Drones help Galapagos tackle rat infestation

BBC News

Drones are helping conservationists rid one Galapagos island of an infestation of rats threatening indigenous birds. The drones have dropped poison on more than half of North Seymour Island in a bid to kill off the invasive species. The island's rare birds nest on the ground and their numbers are being depleted by the rodent invasion. The drones work much faster and more cheaply than helicopters which have been used in similar rat eradication projects elsewhere. The infestation of brown and black rats was discovered in early 2018 and prompted action by NGO Island Conservation and the Galapagos' Ministry of the Environment to rid the territory of the pest.

Galapagos Islands photo tour sails to nine islands, with pros on board

Los Angeles Times

Most Galapagos Islands tours encourage participants to bring cameras. A new tour is described as an island photo adventure designed by photographers.

Plastic pollution reaches Darwin's Galapagos Islands where the seals now use bottles as toys

Daily Mail

Plastic pollution has reached Charles Darwin's Galapagos Islands and now seals on the remote archipelago have been spotted using bottles as toys. Even the Galapagos finches, named after the great English naturalist, are tragically lining their nests with plastic fibres. Tonnes of plastic are washing up on the protected shores of the islands, even though 97 per cent of the archipelago is off-limits to humans, according to community groups and scientists. In light of this, a new research project between local experts and international researchers has been launched to analyse how to hold back the tide of rubbish. Plastic pollution has reached Charles Darwin's Galapagos Islands and now seals on the remote archipelago have been captured using bottles as toys (pictured) Marine specialists from the University of Exeter are surveying currents and tide patterns to work out where the plastic is coming from, according to an exclusive report by ITV.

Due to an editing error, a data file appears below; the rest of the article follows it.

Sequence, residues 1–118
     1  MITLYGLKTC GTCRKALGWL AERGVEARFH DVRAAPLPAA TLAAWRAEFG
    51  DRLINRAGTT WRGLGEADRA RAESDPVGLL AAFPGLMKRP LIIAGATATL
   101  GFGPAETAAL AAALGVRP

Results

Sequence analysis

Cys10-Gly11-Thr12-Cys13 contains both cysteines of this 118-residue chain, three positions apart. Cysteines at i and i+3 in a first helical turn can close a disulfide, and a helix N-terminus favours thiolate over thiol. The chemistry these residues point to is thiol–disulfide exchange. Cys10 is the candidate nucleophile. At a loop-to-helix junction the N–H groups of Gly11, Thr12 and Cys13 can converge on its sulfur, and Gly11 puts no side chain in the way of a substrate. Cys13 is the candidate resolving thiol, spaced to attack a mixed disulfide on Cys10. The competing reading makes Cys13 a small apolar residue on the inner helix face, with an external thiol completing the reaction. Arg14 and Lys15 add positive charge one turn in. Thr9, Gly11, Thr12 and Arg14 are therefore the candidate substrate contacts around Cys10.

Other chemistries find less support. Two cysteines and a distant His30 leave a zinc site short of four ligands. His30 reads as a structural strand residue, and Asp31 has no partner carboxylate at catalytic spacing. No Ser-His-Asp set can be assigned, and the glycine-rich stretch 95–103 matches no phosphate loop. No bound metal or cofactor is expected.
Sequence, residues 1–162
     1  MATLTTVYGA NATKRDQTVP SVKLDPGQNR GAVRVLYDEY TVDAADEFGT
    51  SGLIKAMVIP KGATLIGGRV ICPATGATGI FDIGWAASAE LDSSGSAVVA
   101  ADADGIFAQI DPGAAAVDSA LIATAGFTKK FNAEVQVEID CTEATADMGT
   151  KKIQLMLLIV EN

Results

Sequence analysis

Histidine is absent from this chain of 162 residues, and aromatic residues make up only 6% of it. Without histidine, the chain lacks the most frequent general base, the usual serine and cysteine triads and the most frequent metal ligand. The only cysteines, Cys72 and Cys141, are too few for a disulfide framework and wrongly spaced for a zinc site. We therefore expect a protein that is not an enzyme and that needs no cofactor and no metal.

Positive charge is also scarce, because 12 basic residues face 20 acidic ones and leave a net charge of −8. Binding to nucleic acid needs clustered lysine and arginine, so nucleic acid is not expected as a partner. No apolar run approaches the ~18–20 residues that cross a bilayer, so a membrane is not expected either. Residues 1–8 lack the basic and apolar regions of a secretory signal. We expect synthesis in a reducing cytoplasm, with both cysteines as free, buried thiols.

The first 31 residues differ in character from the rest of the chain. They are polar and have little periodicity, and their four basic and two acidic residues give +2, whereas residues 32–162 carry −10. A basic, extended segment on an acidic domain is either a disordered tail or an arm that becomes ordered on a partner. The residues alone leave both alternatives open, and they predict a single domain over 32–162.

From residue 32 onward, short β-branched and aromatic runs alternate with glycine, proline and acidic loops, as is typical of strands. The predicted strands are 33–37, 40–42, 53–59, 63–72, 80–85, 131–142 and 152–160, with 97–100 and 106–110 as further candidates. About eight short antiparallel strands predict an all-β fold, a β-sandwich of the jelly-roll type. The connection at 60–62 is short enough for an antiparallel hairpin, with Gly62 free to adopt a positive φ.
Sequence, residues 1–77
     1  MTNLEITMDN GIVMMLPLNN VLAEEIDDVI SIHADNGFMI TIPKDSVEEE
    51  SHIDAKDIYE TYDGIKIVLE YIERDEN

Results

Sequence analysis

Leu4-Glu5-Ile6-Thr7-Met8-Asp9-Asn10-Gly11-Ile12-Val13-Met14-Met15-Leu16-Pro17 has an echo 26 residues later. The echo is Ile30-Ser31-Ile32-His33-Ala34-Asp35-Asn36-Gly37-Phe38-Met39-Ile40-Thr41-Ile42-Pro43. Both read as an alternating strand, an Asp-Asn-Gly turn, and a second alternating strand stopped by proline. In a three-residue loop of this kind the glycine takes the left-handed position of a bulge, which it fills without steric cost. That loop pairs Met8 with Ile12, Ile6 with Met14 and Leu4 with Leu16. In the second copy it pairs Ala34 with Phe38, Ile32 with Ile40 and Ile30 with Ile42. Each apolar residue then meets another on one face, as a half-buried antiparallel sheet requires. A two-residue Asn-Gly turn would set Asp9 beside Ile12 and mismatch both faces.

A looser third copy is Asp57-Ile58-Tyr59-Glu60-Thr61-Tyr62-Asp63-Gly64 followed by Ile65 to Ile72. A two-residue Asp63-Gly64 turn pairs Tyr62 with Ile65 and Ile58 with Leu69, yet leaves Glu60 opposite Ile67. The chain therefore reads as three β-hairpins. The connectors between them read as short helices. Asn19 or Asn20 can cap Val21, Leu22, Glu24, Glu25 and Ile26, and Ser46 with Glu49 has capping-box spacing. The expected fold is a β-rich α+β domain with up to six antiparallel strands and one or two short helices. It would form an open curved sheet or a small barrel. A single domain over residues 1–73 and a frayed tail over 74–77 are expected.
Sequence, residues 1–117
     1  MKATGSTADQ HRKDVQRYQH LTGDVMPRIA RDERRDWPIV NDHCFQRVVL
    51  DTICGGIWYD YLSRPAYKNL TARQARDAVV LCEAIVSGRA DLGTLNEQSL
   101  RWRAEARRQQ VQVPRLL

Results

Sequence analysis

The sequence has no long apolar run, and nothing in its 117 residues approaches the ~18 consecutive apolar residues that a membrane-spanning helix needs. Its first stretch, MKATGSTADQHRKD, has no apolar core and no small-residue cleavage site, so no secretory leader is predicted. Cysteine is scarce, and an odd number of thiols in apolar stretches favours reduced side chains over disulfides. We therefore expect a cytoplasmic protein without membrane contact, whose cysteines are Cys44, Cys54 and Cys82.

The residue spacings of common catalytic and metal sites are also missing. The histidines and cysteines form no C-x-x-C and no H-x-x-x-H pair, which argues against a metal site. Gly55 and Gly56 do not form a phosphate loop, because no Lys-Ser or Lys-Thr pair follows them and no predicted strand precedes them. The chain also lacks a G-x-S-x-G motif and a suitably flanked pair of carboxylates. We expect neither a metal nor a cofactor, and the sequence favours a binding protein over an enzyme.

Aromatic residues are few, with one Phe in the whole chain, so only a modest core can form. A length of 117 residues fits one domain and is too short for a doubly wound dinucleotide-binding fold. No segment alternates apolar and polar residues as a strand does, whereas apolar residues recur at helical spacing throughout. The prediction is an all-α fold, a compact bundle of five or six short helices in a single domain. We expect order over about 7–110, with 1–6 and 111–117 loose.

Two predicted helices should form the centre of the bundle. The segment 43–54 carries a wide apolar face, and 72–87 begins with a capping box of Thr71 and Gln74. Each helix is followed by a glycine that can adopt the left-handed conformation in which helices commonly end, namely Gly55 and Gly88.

Tortoise Feared Extinct Found on Remote Galapagos Island

U.S. News

The only other living member of the species was found in 1906, the group said. Since then, expeditions have encountered tortoise scat and bite marks on cacti, and there was a possible unconfirmed sighting in 2009. But Sunday's discovery was the first confirmed sighting and together with the possibility of finding more members of the species has raised the possibility of breeding.

Tortoise feared extinct after 110-year no-show found on remote Galapagos island

The Japan Times

LIMA - A living member of a species of tortoise not seen in more than 110 years and feared to be extinct has been found in a remote part of the Galapagos island of Fernandina. An adult female Chelonoidis phantasticus, also known as the Fernandina Giant Tortoise, was spotted Sunday by a joint expedition of the Galapagos National Park and the U.S.-based Galapagos Conservancy, Ecuador's Environment Ministry said in a statement. Investigators think there may be more members of the species on the island because of tracks and scat they found. The team took the tortoise, likely more than 100 years old, to a breeding center for giant tortoises on Santa Cruz Island, where it will stay in a specially designed pen. The International Union for Conservation of Nature has the Fernandina Giant Tortoise listed as critically endangered and possibly extinct.